In 2008, the weather was particularly devious and Foursight Wines lost nearly half their crop to an early spring frost. It was clear that the only way they would end this battle with the elements would be to know their enemy! They knew they needed weather stations in each vineyard. However, the 15 acres that was hit hardest by the frost is over half a mile from the winery. How could they track weather conditions 24/7 in remote vineyards?

That’s when Vantage Connect and Vantage Pro2 came to the rescue! The Charles family now tracks conditions in all their vineyards, including the two most remote areas, on their tablets and smartphones. When temperatures drop to near 30°F (0°C), Vantage Connect sends text messages so the growers can turn on overhead sprinklers to raise the temperature to avert frost damage. They can see when a temperature inversion is putting a virtual lid on their vineyard and can turn on fans to mix the air. They can track growing degree days to help determine when the fruit is ready for harvest. And the best part is that they can see these weather events from the comfort of the winery, their bedrooms, or even from their vacations in Lake Tahoe or Hawaii.

Foursight vines

Fruit-laden Foursight vines with micro-sprayers.

This year Foursight Wines hopes to meet its goal of 1500 cases of sublime wine, glowing with a uniqueness that could only come from grapes grown in this special valley. While Mother Nature will never bow to our human authority, Vantage Connect and Vantage Pro2 has let the Charles family make her a true partner in the process.

You can check out the weather at Foursight Wines on their WeatherLink.com page.

This was featured in our October 2015 newsletter.

Michael Padua, the Maverick Meteorologist of Naga City

Michael Padua with his Vantage Vue

Michael Padua, up on the roof with his newest weather station, a Vantage Vue. It joins Michael’s trusty sidekick, Vantage Pro2, in watching out for storms in Naga City, Philippines.

David Michael V. Padua is the Executive Director of the Typhoon Preparedness Center in Naga City, Philippines, and clearly knows his weather (and weather stations!). He was recently featured in the The Philippine Daily Inquirer as the “One Man Weather Center.”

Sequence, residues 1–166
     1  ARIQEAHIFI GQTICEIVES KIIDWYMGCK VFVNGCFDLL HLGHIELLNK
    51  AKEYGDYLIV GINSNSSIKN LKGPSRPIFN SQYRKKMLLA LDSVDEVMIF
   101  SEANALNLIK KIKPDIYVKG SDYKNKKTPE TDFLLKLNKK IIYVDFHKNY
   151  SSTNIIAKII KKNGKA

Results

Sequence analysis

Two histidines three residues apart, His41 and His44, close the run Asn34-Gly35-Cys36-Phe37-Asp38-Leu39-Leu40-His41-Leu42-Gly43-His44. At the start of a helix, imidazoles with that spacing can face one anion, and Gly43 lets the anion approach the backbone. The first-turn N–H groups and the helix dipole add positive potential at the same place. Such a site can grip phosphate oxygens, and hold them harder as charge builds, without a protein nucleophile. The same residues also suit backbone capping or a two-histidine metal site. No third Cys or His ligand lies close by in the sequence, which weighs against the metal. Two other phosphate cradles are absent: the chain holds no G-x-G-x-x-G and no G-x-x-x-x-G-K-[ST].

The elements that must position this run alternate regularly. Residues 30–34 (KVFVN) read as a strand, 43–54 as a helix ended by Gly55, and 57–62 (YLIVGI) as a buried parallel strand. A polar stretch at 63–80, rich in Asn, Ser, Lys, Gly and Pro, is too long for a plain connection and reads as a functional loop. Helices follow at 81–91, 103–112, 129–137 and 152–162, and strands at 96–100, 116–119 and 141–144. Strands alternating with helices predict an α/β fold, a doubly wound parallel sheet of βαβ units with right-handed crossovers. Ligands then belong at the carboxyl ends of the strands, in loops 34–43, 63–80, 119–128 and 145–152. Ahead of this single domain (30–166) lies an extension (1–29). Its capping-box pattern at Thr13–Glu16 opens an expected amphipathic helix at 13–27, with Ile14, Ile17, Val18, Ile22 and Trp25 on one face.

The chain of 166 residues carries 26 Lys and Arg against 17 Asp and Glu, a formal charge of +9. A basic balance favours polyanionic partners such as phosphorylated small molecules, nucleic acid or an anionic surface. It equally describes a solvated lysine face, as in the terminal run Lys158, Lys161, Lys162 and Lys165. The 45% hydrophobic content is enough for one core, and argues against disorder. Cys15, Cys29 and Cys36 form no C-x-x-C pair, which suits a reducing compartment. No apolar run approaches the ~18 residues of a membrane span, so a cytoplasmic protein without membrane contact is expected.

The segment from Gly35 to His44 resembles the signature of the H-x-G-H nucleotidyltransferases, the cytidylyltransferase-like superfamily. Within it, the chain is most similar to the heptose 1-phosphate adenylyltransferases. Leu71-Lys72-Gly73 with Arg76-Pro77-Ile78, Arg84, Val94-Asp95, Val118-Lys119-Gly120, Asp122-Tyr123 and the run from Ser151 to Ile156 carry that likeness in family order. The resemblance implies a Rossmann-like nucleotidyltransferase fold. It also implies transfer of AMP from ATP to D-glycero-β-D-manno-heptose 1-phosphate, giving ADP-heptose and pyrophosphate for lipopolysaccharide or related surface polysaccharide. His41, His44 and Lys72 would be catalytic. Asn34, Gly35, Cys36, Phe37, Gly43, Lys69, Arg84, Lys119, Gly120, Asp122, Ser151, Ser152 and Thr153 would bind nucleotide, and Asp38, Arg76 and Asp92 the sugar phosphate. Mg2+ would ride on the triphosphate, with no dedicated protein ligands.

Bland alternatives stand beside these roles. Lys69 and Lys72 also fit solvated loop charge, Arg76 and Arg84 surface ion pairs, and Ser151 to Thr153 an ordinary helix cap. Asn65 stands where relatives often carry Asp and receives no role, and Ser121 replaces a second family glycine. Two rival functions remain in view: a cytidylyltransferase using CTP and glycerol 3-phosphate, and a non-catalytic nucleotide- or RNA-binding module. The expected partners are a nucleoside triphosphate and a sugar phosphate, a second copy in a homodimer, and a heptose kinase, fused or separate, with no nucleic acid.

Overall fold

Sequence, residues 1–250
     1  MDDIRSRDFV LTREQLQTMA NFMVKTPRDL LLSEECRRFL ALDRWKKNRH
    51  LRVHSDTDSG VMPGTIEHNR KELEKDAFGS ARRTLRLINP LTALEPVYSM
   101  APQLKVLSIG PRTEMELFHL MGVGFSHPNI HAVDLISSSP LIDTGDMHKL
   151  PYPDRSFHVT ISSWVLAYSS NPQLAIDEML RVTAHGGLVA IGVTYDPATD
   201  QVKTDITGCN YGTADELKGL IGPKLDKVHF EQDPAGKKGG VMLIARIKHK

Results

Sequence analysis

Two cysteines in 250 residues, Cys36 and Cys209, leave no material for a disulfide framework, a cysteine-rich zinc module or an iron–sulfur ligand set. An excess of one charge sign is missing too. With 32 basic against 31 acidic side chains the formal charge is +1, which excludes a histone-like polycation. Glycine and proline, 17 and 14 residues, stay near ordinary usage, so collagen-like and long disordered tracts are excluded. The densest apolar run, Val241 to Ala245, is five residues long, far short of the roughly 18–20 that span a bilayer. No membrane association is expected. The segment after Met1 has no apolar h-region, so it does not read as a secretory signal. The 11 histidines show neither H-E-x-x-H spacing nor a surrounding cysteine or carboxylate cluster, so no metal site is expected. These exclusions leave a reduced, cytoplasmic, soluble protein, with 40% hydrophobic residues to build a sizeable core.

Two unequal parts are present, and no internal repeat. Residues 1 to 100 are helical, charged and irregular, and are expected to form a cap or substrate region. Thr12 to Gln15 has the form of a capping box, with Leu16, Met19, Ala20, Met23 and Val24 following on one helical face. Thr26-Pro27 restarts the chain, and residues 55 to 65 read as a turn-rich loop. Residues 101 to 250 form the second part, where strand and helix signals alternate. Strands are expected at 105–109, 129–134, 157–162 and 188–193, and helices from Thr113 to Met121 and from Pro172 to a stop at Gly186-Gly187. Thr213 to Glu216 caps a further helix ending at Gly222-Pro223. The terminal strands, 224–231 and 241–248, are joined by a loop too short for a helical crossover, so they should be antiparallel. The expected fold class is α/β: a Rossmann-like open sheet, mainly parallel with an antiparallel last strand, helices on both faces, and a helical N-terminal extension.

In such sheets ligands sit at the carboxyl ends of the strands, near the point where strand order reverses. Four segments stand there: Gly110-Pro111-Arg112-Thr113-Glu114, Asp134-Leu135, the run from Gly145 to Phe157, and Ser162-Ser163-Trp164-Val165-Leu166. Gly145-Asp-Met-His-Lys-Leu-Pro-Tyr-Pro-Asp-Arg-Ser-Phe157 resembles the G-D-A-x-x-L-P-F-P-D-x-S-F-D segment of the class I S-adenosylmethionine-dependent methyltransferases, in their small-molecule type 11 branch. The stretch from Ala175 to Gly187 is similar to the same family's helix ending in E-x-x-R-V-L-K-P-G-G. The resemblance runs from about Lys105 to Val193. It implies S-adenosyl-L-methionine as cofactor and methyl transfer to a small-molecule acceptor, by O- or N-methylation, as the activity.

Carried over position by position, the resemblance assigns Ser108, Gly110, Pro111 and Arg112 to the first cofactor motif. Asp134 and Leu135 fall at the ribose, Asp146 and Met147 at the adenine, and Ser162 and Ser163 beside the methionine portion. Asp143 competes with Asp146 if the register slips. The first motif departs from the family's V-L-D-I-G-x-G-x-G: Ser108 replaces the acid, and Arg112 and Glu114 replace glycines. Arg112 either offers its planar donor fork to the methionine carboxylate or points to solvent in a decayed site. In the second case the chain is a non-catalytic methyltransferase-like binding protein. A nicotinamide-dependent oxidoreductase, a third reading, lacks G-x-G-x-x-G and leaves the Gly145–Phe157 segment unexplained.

The “maverick meteorologist” has been a weather buff since childhood and may be one of the few who considers himself lucky to live in a place so well “blessed” with cyclones. He feels that people in the Philippines have had a “fatalistic bahala na [come-what-may] attitude” and his mission is to change that.

His web site, Typhoon2000, is a resource to many in Naga City, the Philippines, and internationally. He tries to make information understandable so residents can prepare for storms. He even offers a text message updater for up-to-the-minute storm information.

When a storm is threatening, Michael is constantly on his laptop. He manages to update his web site every hour when an area is threatened, compared with the four-times-a-day updates from the web site of the Philippine Atmospheric, Geophysical and Astronomical Services Administration (PAGASA).

He has rustled a few feathers at PAGASA, with whom he swears he doesn’t want to compete. But compete he does. Rather famously, back in 2004, he forecast that Cyclone Unding would indeed hit Naga City, while PAGASA said it would miss Naga City. Unfortunately for Naga City, Michael won that bet.

Michael is no newbie when it comes to Davis stations. “I’ve been using Davis products since 1995 when I got a Weather Wizard III,” he wrote. “It was destroyed by STY [Super Typhoon] Angela and replaced in 2004 with a Vantage Pro. That one was partially damaged by STY Durian. Then I added a Vantage Pro2 in 2007. I have just installed my fourth Davis product, the brand new and award-winning Vantage Vue which I purchased from your Phillipines distributor, Apex Inc.”

As Michael likes to say, “Thundering Typhoons!!!”

This personal weather station spotlight was featured in our January 2010 newsletter.

When Vantage Pro2s Take a Vacation…

Vantage Pro2 in Turks and Caicos

…they might go to the Turks & Caicos Islands. This lucky one belongs to Seamus Day and sits “on the very edge of the island, sited on Grand Turk in the Turks & Caicos Islands, just pure ocean until you hit Africa to the east 2,500 miles (4,200 km) away.”

The Vantage Pro2 enjoys the same view as Seamus does when he looks out his home’s back window. “We are right next to the ocean, but elevated about 110 feet (35 m) on a cliff with a path to the beach below.”

Seamus got his station for use in his helicopter company. The company has since been sold, but the weather station stayed with Seamus.

While the weather is generally, well, fantastic on Grand Turk (some restaurants require that gentlemen wear “dress shorts” for dinner, and one time someone needed a sweater in the evening), Seamus’ station has seen some weather action. “We occasionally get hurricanes here, last year being the worst in fifty years with Hanna and Ike back to back, in a single week. Hurricane Ike came barreling in from the northeast in this exact position, with winds at 145 mph (233 kph). We are in the trade winds so we get high average wind speeds year-round, mainly from the east, with lots of sunshine and very little rain, allegedly only 27 inches (686 mm) per year; I will confirm if this is true next year!”

Meanwhile, pass the sun block.